Congenital cystic adenomatoid malformation
Congenital cystic adenomatoid malformation Classification and external resources ICD-10 Q34.8 (EUROCAT Q33.80) ICD-9 748.4 DiseasesDB 32408 eMedicine ped/534 radio/186 MeSH D015615
Congenital cystic adenomatoid malformation (CCAM) is a congenital disorder similar to bronchopulmonary sequestration. In CCAM, usually an entire lobe of lung is replaced by a non-working cystic piece of abnormal lung tissue. This abnormal tissue will never function as normal lung tissue.
In most cases the outcome of a fetus with CCAM is very good. However in a rare few cases the cystic mass grows so large as to limit the growth of the surrounding lung and cause pressure against the heart. In these situations, the CCAM can be life-threatening for the fetus.
CCAMs are often identified during routine prenatal ultrasonography. Identifying characteristics on the sonogram include: an echogenic (bright) mass appearing in the chest of the fetus, displacement of the heart from its normal position, a flat or everted (pushed downward) diaphragm, or the absence of visible lung tissue.
CCAMS are classified into three different types based largely on their gross appearance. Type I has a large (>2 cm) multiloculated cysts. Type II has smaller uniform cysts. Type III is not grossly cystic, referred to as the "adenomatoid" type. Microscopically, the lesions are not true cysts, but communicate with the surrounding parenchyma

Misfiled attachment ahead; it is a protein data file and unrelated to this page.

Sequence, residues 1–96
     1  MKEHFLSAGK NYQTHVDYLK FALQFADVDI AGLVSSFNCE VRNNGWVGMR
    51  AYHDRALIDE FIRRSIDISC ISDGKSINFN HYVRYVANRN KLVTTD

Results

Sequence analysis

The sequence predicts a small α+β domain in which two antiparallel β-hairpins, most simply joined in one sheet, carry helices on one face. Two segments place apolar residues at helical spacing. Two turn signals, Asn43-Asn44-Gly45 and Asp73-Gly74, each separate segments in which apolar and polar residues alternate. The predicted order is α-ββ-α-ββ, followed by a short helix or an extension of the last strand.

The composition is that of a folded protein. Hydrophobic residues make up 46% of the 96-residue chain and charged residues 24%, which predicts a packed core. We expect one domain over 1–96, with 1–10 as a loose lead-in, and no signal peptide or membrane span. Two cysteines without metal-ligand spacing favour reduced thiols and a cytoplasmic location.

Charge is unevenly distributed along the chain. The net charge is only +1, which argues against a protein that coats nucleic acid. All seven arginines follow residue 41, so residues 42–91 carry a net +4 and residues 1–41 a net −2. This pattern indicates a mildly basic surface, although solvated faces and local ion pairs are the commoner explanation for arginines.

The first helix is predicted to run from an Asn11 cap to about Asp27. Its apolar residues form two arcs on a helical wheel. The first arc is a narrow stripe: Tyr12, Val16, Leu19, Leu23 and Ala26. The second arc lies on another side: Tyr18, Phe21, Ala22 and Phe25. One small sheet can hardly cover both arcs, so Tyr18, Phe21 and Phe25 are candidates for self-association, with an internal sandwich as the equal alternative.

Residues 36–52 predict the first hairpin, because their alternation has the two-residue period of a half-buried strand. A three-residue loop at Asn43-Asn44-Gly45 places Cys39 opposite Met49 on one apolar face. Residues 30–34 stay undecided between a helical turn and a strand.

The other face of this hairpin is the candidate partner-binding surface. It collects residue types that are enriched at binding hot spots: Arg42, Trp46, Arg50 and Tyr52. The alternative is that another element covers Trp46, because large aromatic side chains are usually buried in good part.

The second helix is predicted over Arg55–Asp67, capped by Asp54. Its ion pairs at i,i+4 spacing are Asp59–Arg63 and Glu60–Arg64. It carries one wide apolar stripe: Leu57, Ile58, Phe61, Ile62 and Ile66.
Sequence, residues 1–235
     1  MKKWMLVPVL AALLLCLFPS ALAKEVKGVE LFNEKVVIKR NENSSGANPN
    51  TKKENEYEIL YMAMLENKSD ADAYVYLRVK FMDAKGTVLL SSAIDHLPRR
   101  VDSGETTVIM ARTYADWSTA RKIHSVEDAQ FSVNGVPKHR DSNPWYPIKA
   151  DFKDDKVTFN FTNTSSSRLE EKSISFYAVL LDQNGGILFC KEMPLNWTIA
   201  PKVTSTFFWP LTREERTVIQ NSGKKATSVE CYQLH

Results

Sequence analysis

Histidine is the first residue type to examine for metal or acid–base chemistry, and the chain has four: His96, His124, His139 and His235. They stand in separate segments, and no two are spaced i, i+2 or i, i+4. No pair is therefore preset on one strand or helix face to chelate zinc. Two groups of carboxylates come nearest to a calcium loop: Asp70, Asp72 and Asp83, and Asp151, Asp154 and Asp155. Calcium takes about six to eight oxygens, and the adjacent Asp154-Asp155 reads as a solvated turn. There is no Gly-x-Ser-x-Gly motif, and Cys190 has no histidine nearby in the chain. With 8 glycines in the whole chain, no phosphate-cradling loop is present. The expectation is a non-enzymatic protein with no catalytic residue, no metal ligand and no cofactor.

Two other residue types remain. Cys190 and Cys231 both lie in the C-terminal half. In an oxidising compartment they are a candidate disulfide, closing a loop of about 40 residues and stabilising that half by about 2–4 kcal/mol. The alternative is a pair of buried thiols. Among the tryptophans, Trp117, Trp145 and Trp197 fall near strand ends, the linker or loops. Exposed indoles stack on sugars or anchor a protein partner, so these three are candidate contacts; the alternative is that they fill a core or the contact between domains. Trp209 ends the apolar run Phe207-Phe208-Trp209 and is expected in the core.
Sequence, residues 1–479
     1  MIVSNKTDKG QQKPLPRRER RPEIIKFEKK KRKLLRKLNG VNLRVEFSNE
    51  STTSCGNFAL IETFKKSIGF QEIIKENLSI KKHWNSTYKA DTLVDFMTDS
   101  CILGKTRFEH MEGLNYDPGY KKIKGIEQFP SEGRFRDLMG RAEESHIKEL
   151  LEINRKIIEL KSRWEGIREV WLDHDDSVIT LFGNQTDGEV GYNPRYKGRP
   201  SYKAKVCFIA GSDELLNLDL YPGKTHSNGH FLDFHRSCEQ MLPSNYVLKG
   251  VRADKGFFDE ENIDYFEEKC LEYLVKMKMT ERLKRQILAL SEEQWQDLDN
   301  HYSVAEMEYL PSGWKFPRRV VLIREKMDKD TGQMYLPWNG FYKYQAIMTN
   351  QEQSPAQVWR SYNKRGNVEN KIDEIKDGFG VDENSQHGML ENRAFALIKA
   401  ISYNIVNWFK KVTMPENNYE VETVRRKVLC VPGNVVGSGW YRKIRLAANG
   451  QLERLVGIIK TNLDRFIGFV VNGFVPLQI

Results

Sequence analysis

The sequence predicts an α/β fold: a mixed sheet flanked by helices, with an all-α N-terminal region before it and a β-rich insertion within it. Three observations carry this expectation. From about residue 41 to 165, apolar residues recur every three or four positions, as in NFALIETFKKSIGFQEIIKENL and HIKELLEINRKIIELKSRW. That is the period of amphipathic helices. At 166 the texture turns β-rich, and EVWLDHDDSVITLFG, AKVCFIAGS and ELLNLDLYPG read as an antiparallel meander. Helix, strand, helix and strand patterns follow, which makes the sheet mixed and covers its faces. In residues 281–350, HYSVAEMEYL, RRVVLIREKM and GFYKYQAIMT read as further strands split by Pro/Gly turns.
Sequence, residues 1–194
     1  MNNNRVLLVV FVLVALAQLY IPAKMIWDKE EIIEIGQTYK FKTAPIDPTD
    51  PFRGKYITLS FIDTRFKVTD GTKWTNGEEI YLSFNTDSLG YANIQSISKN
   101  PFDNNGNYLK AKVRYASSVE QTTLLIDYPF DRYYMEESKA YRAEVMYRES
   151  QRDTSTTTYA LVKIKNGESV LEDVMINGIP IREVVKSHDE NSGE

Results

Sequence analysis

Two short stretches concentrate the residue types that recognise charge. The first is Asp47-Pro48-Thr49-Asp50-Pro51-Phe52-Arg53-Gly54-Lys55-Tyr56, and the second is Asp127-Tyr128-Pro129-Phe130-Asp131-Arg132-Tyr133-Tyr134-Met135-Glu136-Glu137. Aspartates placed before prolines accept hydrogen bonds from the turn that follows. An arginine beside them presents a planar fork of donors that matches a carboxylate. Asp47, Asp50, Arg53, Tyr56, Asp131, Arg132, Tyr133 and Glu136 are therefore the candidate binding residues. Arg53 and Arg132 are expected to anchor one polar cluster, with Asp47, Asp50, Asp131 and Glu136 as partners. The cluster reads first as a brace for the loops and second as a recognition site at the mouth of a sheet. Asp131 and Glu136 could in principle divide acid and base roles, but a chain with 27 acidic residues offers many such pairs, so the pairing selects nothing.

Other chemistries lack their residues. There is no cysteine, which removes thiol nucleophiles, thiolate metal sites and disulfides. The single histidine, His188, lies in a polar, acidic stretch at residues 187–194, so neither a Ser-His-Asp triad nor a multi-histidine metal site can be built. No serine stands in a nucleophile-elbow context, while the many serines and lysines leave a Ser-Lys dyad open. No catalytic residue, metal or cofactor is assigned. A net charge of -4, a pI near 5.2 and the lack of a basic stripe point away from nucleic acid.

In most cases, a fetus with CCAM is closely monitored during pregnancy and the CCAM is removed via surgery after birth. A few fetuses may develop fluid collections within the chest cavity and in those situations a Harrison catheter shunt can be used to drain the fluid into the amniotic fluid.
Very large cystic masses might pose a danger during birth because of the airway compression. In this situation, a special surgical type of delivery called the EXIT procedure may be used.
In rare extreme cases, where fetus's heart is in danger, fetal surgery can be performed to remove the CCAM. If non-immune hydrops fetalis develop, there is a near universal mortality of the fetus without intervention. Fetal surgery can improve the survival percentage up to 50-60%. Recently, several studies found that a single course of prenatal steroids (betamethasone) may increase survival in hydropic fetuses with microcystic CCAMs to 75-100%. These studies indicate that large, macrocystic lesions may be treated prenatally without surgical intervention.
- ^ Curran PF, Jelin EB, Rand L, Hirose S, Feldstein VA, Goldstein RB, Lee H (2010). "Prenatal steroids for microcystic congenital cystic adenomatoid malformations". J Pediatr Surg. 45 (1): 145–50. doi:10.1016/j.jpedsurg.2009.10.025. PMID 20105595. http://www.jpedsurg.org/article/S0022-3468(09)00807-0/abstract.
- ^ Peranteau WH, Wilson RD, Liechty KW, Johnson MP, Bebbington MW, Hedrick HL, Flake AW, Adzick NS (2007). "Effect of maternal betamethasone administration on prenatal congenital cystic adenomatoid malformation growth and fetal survival". Fetal Diagn Ther 22 (5): 365–371. doi:10.1159/000103298. http://content.karger.com/produktedb/produkte.asp?typ=fulltext&file=000103298.
- Congenital Cystic Adenomatoid Malformation | Congenital Pulmonary Airway Malformation Radiology and Pathology
- Congenital Cystic Adenomatoid Malformation (CCAM) and Bronchopulmonary Sequestration | Center for Fetal Diagnosis and Treatment | The Children's Hospital of Philadelphia
Congenital malformations and deformations of respiratory system (Q30–Q34, 748) Upper RT Lower RTTrachea and bronchus
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